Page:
The FDA won’t be holding an advisory panel meeting for Sarepta Therapeutics’ SRP-9001, which is now that much closer to becoming the first gene therapy for Duchenne muscular dystrophy.
“2023 may be the most event eventful year in Sarepta’s event-filled history,” President and CEO Doug Ingram said on a Feb. 28 earnings call held after market close.
In November, the FDA accepted Sarepta’s biologics license application seeking accelerated approval for SRP-9001. The agency has now set May 29 as the expected decision date. A mid-cycle review related to the process has already occurred, Ingram said, and the FDA did not flag any significant safety issues associated with SRP-9001.
The gene therapy is designed to deliver the microdystrophin-encoding gene into muscle tissue to prompt production of the microdystrophin protein. Patients with DMD have a mutation in the DMD gene and can’t make the protein on their own, leading to a progressive loss of muscle strength.
During the midcycle review, the FDA said it would not require an advisory committee, which is used to provide the agency with independent recommendations for drug products about to enter the market.
Beyond that, Ingram said he doesn’t have any additional color to provide as questions started pouring in on the earnings Q&A about the regulatory activity.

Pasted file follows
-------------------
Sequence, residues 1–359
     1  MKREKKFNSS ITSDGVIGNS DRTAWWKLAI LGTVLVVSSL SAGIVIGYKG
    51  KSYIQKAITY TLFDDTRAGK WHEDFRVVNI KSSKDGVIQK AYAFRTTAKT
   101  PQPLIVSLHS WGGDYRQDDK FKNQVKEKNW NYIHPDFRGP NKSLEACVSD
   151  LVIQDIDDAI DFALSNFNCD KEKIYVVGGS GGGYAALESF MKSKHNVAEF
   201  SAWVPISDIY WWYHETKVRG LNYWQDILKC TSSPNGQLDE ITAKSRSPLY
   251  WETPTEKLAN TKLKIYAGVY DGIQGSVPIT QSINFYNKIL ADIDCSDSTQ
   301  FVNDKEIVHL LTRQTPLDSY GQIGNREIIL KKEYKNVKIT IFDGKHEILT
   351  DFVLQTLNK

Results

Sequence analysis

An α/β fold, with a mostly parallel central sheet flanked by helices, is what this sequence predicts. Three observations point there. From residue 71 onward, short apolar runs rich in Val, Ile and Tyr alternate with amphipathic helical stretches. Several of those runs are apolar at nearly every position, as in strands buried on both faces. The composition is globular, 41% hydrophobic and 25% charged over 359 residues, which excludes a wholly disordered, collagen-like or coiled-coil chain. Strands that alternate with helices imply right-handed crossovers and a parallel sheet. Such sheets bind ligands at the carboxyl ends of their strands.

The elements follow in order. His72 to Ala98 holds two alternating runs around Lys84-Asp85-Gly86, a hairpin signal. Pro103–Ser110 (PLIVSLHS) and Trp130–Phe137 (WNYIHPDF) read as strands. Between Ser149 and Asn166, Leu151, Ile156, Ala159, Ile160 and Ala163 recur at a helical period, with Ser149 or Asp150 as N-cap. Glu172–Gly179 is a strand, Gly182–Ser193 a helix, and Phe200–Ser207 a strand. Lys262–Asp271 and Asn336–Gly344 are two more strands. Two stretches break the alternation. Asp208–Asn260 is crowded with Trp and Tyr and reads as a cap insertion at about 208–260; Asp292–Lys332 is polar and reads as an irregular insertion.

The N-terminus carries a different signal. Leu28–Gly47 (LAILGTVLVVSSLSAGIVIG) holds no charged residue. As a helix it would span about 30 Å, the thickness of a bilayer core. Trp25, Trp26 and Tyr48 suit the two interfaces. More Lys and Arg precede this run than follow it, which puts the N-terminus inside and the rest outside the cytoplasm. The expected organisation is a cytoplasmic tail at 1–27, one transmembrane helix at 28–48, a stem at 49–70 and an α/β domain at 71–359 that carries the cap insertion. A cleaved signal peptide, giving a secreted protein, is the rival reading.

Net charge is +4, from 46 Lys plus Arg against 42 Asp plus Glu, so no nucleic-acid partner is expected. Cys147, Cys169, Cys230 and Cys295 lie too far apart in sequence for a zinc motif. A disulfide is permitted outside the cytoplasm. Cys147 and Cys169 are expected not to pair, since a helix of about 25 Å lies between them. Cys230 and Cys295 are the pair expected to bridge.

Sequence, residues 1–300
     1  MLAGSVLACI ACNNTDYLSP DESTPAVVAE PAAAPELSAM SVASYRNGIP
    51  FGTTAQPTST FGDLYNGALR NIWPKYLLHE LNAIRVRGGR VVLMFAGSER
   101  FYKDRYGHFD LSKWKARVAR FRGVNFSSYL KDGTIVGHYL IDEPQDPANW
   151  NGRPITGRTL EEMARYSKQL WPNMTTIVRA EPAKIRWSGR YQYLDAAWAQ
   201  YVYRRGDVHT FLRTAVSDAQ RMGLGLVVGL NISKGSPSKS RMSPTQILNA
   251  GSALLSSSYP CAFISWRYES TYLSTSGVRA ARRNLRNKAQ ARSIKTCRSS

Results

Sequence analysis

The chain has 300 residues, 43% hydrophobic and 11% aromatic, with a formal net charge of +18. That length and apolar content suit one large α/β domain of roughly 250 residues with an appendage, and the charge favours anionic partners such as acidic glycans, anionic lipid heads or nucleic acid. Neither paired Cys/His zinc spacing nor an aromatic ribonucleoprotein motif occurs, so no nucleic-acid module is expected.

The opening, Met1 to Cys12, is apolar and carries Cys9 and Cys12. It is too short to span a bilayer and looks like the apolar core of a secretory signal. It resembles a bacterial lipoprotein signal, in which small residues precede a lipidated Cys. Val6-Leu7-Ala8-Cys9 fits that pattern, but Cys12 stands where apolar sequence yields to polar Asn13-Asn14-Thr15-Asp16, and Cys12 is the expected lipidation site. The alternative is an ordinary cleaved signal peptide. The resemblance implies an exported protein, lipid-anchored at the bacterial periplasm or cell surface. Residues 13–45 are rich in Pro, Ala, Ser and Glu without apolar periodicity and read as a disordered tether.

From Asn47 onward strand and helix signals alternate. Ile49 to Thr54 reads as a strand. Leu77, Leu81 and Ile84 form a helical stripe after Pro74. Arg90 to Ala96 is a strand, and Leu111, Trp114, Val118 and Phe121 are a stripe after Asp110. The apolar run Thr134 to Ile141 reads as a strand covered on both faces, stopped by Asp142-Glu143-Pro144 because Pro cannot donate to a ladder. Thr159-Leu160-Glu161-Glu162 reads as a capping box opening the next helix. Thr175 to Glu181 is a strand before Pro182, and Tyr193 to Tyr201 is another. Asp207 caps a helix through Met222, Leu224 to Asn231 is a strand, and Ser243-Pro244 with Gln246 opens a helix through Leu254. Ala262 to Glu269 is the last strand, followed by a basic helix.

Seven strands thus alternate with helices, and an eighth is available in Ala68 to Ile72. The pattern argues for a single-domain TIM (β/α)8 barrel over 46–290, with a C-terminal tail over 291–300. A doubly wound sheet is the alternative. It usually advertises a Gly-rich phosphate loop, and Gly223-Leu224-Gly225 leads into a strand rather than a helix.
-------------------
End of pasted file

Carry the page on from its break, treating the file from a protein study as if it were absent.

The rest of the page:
“We had the mid cycle,” the CEO explained. “They confirmed they saw no significant safety issues with the program to be able to identify any significant clinical issues or major deficiencies and then determined that they didn’t need an ad comm. That’s where we are right now.”
Sarepta has moved fast to prepare the resources to bankroll the therapy’s launch once the FDA gives its okay, raising $1.2 billion in preparation. In January, CDMO giant Catalent inked a deal with Sarepta to manufacture SRP-9001, with all manufacturing inspections scheduled, according to Ingram.
As of Dec. 31, the Cambridge, Mass.-based company recorded net revenue of $843.8 million for 2022, up from $612.4 million the year prior.